Nova Scotia to close borders to non-essential travel from anywhere except P.E.I., N.L.
HALIFAX -- Nova Scotia has announced new restrictions on travel to the province, which will restrict the borders to any travellers, except for those from Prince Edward Island and Newfoundland and Labrador.
Effective Thursday at 8 a.m., people from outside N.S., P.E.I. and Newfoundland and Labrador will not be allowed to enter the province unless their travel is essential or they are permanent residents.
"This is not the time for people to come to Nova Scotia for anything other than essential travel," said Premier Iain Rankin in a release. "Given that the pandemic is now being driven by variants that transmit more easily, this strong action is necessary to protect Nova Scotians."
The following types of travel from outside Nova Scotia, Prince Edward Island or Newfoundland and Labrador are considered essential:
- people who live in Nova Scotia but their primary employment is in another province
- federally approved temporary foreign workers
- people who need to participate in-person in a legal proceeding in another province
- post-secondary students coming to study in Nova Scotia
- post-secondary students returning to their primary or family residence in Nova Scotia and parents who accompany them
- parents picking up a student in Nova Scotia to take them home as quickly as possible
- people who can demonstrate that they already have a new permanent address in Nova Scotia as of April 21 and are moving here permanently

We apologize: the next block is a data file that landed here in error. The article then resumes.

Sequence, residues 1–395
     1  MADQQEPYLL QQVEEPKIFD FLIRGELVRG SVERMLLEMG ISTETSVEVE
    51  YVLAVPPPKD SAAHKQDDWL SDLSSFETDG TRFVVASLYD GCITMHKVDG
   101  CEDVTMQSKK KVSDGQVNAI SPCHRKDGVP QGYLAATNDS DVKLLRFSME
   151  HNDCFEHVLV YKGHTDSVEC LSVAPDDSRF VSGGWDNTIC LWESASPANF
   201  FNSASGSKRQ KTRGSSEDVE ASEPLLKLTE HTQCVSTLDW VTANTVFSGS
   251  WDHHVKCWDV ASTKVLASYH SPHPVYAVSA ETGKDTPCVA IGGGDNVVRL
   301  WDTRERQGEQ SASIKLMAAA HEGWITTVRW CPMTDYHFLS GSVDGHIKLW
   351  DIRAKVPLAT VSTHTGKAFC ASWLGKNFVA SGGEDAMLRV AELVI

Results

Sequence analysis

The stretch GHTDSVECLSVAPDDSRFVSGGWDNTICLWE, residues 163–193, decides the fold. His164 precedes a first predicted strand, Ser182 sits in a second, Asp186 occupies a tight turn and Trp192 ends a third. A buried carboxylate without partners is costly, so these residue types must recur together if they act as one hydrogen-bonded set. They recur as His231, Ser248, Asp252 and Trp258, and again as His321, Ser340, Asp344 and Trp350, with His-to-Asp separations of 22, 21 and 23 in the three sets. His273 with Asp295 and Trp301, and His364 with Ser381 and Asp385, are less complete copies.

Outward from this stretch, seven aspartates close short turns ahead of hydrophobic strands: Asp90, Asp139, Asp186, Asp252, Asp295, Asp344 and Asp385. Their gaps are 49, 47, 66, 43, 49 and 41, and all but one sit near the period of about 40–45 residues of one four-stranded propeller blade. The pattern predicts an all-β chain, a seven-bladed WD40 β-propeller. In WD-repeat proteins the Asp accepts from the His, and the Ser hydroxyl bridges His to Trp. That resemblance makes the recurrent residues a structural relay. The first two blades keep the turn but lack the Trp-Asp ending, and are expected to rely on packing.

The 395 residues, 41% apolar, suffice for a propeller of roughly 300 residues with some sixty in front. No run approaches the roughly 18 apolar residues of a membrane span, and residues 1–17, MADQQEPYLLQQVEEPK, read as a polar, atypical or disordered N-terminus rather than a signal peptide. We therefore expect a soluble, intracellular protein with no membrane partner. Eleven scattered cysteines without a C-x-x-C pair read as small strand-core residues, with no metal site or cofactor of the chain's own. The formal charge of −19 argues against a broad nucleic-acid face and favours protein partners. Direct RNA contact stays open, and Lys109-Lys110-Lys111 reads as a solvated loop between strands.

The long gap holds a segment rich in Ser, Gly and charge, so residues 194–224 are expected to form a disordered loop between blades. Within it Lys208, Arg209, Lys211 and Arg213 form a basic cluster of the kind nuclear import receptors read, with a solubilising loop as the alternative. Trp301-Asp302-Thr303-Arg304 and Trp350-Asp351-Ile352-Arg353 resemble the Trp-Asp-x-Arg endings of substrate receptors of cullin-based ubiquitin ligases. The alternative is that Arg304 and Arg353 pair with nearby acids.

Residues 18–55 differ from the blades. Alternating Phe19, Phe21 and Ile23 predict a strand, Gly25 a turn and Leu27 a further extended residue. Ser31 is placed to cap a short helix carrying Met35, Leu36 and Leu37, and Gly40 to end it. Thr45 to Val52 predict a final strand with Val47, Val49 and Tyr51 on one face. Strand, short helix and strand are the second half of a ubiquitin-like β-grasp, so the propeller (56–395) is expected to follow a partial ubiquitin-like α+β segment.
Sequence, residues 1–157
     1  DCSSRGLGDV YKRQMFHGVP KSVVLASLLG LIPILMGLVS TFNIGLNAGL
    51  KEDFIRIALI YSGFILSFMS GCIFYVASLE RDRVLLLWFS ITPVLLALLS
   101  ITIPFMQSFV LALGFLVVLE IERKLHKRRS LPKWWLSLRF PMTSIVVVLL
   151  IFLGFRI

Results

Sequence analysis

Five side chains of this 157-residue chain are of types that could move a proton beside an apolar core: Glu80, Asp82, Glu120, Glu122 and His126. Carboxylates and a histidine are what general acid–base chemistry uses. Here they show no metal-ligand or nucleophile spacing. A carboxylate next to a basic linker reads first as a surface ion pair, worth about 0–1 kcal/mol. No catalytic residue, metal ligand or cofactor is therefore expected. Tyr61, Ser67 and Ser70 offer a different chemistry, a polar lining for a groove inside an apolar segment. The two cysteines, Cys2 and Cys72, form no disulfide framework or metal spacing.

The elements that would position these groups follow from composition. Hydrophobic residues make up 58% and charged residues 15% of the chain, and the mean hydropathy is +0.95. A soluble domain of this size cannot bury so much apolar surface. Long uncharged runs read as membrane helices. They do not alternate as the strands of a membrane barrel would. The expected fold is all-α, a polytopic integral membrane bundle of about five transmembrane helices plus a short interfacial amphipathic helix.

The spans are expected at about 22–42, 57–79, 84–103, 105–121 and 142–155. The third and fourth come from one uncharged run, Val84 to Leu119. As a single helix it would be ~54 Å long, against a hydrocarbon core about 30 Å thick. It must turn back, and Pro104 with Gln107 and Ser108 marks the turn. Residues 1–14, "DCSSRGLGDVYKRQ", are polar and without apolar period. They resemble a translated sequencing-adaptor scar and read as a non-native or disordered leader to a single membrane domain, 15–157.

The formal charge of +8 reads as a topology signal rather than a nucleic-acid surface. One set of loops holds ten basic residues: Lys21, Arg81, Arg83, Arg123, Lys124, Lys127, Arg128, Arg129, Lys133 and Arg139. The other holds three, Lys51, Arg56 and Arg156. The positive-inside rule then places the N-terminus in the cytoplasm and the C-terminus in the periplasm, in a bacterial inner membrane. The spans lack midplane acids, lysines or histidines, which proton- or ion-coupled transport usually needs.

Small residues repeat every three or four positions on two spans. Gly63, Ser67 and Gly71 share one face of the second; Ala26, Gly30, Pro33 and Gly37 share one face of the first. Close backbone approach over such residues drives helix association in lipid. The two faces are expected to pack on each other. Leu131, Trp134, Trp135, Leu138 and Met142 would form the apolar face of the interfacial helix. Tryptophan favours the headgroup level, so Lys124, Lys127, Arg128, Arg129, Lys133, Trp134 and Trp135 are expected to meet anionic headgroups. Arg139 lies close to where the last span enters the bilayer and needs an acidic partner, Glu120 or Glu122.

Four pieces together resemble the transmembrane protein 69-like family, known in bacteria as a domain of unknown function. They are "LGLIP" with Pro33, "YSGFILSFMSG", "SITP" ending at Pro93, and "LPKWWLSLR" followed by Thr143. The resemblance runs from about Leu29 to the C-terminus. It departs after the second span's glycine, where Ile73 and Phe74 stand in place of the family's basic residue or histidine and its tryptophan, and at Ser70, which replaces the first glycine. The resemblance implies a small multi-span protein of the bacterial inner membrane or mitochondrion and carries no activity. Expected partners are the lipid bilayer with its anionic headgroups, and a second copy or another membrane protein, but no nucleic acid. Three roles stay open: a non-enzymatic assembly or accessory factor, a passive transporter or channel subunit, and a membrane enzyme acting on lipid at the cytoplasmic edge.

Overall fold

- people traveling for child custody reasons following the child custody protocol
- people who are exempt from self-isolation following the exempt traveler protocol
- people traveling between Nova Scotia and New Brunswick for work, school or children in child care, following conditions in the protocol for travel between these provinces
"We won't turn away permanent residents of Nova Scotia if they travel, but we are giving strong direction to not travel unless it is absolutely necessary," said Dr. Robert Strang. "This is a critical time for us to cut off travel-related cases at the source. I am asking all Nova Scotians to put their plans aside and follow this direction."
The province says details are being finalized on further requirements for people who must isolate after essential travel and will be shared soon.
Rotational workers must now fully isolate when they first arrive in Nova Scotia. Once they receive their first negative test result, they can switch to modified self-isolation. Specialized workers will only be allowed for critical infrastructure work.
Travel from outside of Atlantic Canada will not be allowed for funerals for a four-week period and will only be approved under exceptional circumstances for end-of-life visits.
"I know that some may be disappointed by this, but as premier, I am committed to ensure that we continue to look out for the public safety of Nova Scotians and take action where required," added Rankin on Tuesday.
Anyone isolating in Nova Scotia after travel within Canada should get tested at the beginning and end of their isolation.
Anyone who is not required to isolate should get tested three times in their first 14 days home in Nova Scotia.
WOMEN'S WORLD HOCKEY CHAMPIONSHIPS STILL A GO
Strang said despite the increased travel restrictions, the Women’s World Hockey Championship will be going ahead as scheduled.
“That tournament, in my opinion, does not present a risk of transmitting or bringing COVID and transmitting it into Nova Scotia,”said Strang. “They have very strict protocol and if they come here, they will be in a bubble that will have no interactions with Nova Scotians. Once they’re out of their quarantine, they still will not be interacting with Nova Scotians.”
Ten teams from around the world will be coming to the province for the 2021 Women’s World Ice Hockey Championship, scheduled to drop the puck in Halifax and Truro from May 6-16.